The old frog, sitting near by, overheard them and began to philosophize: "Humph! The babies of frogs will become but frogs, hey? If mud becomes lotus, why shouldn't a frog become a man? Why not? If my pet son should travel abroad and see the world--go to Kioto, for instance--why shouldn't he be as wise as those shining-headed men, I wonder? I shall try it, anyhow. I'll send my son on a journey to Kioto. I'll 'cast the lion's cub into the valley' (send the pet son abroad in the world, to see and study) at once. I'll deny myself for the sake of my offspring."
Flump! splash! sounded the water, as a pair of webby feet disappeared. The "lion's cub" was soon ready, after much paternal advice, and much counsel to beware of being gobbled up by long-legged storks, and trod on by impolite men, and struck at by bad boys. "Kio ni no inaka" ("Even in the capital there are boors") said Father Frog.
Now it so happened that the old frog from Kioto and the "lion's cub" from Ozaka started each from his home at the same time. Nothing of importance occurred to either of them until, as luck would have it, they met on a hill near Hashimoto, which is half way between the two cities. Both were footsore, and websore, and very tired, especially about the hips, on account of the unfroglike manner of walking, instead of hopping, as they had been used to.
"Ohio gozarimasu" ("Good-morning") said the "lion's cub" to the old frog, as he fell on all fours and bowed his head to the ground three times, squinting up over his left eye, to see if the other frog was paying equal deference in return.
"He, konnichi wa" ("Yes, good-day") replied the Kioto frog.
"O tenki" ("It is rather fine weather to-day") said the "cub."
"He, yoi tenki gozence" ("Yes, it is very fine") replied the old fellow.
"I am Gamataro, from Ozaka, the oldest son of Hiki Dono, Sensui no Kami" (Lord Bullfrog, Prince of the Lotus-Ditch).
"Your Lordship must be weary with your journey. I am Kayeru San of Idomidzu (Sir Frog of the Well) in Kioto. I started out to see the 'great ocean' from Ozaka; but, I declare, my hips are so dreadfully tired that I believe that I'll give up my plan and content myself with a look from this hill."
The truth must be owned that the old frog was not only on his hind legs, but also on his last legs, when he stood up to look at Ozaka; while the "cub" was tired enough to believe anything. The old fellow, wiping his face, spoke up:
"Suppose we save ourselves the trouble of the journey. This hill is half way between the two cities, and while I see Ozaka and the sea you can get a good look of the Kio" (Capital, or Kioto).
"Happy thought!" said the Ozaka frog.
Then both reared themselves upon their hind-legs, and stretching upon their toes, body to body, and neck to neck, propped each other up, rolled their goggles and looked steadily, as they supposed, on the places which they each wished to see. Now everyone knows that a frog has eyes mounted in that part of his head which is FRONT WHEN HE IS DOWN AND BACK WHEN HE STANDS UP. They are set like a compass on gimbals.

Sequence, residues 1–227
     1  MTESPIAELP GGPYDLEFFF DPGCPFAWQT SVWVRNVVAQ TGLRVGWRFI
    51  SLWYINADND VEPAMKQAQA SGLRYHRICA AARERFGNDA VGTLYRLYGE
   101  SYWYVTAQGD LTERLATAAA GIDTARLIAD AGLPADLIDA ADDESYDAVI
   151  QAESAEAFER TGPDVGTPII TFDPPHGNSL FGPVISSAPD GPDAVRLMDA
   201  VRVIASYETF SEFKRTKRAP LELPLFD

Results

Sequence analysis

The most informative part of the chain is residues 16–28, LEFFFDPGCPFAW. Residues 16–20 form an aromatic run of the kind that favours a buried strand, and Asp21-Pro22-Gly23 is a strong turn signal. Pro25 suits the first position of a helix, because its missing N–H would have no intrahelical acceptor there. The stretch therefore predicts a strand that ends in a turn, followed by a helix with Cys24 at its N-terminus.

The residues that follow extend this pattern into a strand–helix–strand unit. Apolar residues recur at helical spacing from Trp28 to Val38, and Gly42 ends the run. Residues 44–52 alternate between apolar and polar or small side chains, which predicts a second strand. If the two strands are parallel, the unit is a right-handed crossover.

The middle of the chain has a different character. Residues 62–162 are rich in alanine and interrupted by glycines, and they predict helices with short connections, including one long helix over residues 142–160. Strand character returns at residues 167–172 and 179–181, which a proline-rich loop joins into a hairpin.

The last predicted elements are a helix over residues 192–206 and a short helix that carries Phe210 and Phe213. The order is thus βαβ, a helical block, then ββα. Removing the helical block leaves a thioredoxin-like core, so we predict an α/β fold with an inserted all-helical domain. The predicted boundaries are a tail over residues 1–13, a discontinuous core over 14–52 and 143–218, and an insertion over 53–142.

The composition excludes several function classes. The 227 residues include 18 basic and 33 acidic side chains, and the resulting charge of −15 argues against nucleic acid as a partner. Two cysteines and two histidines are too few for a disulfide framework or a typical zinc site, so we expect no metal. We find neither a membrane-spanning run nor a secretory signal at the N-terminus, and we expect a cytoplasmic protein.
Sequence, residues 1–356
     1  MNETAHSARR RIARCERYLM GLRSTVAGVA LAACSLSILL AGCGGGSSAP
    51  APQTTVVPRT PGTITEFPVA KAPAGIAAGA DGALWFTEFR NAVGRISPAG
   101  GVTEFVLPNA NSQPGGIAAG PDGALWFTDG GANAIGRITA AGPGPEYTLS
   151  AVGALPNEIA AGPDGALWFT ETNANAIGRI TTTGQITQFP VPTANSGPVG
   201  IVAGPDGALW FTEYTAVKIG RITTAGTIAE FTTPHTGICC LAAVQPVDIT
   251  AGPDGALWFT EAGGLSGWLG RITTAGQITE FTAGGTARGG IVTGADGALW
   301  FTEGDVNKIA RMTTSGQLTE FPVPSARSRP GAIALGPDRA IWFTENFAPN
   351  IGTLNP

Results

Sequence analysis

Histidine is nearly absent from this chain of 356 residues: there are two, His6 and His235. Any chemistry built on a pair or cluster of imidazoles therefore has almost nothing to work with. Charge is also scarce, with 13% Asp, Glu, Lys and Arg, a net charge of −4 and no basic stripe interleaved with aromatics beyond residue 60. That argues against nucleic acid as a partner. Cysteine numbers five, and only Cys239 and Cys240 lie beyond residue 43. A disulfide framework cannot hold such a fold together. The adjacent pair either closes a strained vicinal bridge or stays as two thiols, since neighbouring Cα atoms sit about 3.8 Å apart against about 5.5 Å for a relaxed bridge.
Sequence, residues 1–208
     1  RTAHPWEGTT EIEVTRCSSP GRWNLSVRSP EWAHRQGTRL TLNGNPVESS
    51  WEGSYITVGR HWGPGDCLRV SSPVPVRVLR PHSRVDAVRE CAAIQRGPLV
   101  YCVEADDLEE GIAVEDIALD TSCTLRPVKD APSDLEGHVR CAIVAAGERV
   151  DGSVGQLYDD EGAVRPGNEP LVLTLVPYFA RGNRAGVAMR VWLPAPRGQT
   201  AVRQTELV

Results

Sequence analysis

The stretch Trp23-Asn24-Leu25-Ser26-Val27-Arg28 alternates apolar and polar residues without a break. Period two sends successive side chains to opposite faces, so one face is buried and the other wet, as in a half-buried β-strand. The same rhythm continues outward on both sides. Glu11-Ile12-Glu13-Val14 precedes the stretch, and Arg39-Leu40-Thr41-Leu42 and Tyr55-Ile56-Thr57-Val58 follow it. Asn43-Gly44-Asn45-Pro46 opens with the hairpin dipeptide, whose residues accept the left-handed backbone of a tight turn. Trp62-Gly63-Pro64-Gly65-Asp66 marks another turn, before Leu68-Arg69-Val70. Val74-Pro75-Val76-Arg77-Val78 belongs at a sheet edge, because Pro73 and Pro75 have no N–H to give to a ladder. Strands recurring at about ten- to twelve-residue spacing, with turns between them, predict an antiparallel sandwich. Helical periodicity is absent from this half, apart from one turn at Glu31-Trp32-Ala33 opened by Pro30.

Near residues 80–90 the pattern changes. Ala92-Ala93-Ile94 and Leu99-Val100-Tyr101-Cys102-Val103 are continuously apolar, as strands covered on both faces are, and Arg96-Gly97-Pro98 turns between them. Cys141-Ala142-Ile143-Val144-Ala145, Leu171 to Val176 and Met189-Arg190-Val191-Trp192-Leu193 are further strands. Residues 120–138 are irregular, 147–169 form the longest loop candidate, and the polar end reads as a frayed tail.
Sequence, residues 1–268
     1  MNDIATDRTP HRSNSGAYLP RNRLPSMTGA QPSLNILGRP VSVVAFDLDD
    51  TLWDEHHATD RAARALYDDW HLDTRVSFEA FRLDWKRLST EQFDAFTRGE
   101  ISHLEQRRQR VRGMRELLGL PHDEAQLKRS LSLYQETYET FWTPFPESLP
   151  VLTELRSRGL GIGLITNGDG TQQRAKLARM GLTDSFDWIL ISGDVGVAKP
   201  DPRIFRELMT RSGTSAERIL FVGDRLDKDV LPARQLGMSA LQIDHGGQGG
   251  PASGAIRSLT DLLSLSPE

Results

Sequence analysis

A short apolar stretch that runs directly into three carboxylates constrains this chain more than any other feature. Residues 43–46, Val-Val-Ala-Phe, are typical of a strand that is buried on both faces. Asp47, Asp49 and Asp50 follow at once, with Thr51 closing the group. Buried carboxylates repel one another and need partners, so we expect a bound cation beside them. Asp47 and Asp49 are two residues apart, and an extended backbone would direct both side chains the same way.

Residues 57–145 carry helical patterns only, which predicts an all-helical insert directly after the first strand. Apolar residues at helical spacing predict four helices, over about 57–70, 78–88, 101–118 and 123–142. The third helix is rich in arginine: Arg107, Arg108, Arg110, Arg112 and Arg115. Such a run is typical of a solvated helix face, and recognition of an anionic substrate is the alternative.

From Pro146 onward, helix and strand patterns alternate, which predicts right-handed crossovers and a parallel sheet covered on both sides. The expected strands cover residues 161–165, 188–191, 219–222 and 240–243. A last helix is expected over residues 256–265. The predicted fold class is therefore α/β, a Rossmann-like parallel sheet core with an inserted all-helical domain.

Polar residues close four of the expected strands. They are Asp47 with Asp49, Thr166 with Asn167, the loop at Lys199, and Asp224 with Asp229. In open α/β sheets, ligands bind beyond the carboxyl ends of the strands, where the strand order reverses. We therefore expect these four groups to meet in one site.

Long and steadily they gazed, until, at last, their toes being tired, they fell down on all fours.
"I declare!" said the old yaze (daddy) "Ozaka looks just like Kioto; and as for 'the great ocean' those stupid maids talked about, I don't see any at all, unless they mean that strip of river that looks for all the world like the Yodo. I don't believe there is any 'great ocean'!"
"As for my part," said the 'cub', "I am satisfied that it's all folly to go further; for Kioto is as like Ozaka as one grain of rice is like another." Then he said to himself: "Old Totsu San (my father) is a fool, with all his philosophy."
Thereupon both congratulated themselves upon the happy labor-saving expedient by which they had spared themselves a long journey, much leg-weariness, and some danger. They departed, after exchanging many compliments; and, dropping again into a frog's hop, they leaped back in half the time--the one to his well and the other to his pond. There each told the story of both cities looking exactly alike; thus demonstrating the folly of those foolish folks called men. As for the old gentleman in the lotus-pond, he was so glad to get the "cub" back again that he never again tried to reason out the problems of philosophy. And to this day the frog in the well knows not and believes not in the "great ocean." Still do the babies of frogs become but frogs. Still is it vain to teach the reptiles philosophy; for all such labor is "like pouring water in a frog's face." Still out of the black mud springs the glorious white lotus in celestial purity, unfolding its stainless petals to the smiling heavens, the emblem of life and resurrection.